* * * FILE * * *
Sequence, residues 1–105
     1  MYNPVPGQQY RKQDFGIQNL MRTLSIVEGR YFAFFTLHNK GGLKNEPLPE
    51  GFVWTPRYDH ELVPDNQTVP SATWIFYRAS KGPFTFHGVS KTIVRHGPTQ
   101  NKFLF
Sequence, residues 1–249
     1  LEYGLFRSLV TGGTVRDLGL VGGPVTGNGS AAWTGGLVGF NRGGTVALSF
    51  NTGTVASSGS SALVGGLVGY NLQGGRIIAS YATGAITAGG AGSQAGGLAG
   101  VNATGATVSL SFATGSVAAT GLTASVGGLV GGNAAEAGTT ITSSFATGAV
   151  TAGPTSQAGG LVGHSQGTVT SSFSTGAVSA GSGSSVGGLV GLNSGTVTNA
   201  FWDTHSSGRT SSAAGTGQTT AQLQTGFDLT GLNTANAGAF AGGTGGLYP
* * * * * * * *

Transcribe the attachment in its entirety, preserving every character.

Sequence, residues 1–105
     1  MYNPVPGQQY RKQDFGIQNL MRTLSIVEGR YFAFFTLHNK GGLKNEPLPE
    51  GFVWTPRYDH ELVPDNQTVP SATWIFYRAS KGPFTFHGVS KTIVRHGPTQ
   101  NKFLF
Sequence, residues 1–249
     1  LEYGLFRSLV TGGTVRDLGL VGGPVTGNGS AAWTGGLVGF NRGGTVALSF
    51  NTGTVASSGS SALVGGLVGY NLQGGRIIAS YATGAITAGG AGSQAGGLAG
   101  VNATGATVSL SFATGSVAAT GLTASVGGLV GGNAAEAGTT ITSSFATGAV
   151  TAGPTSQAGG LVGHSQGTVT SSFSTGAVSA GSGSSVGGLV GLNSGTVTNA
   201  FWDTHSSGRT SSAAGTGQTT AQLQTGFDLT GLNTANAGAF AGGTGGLYP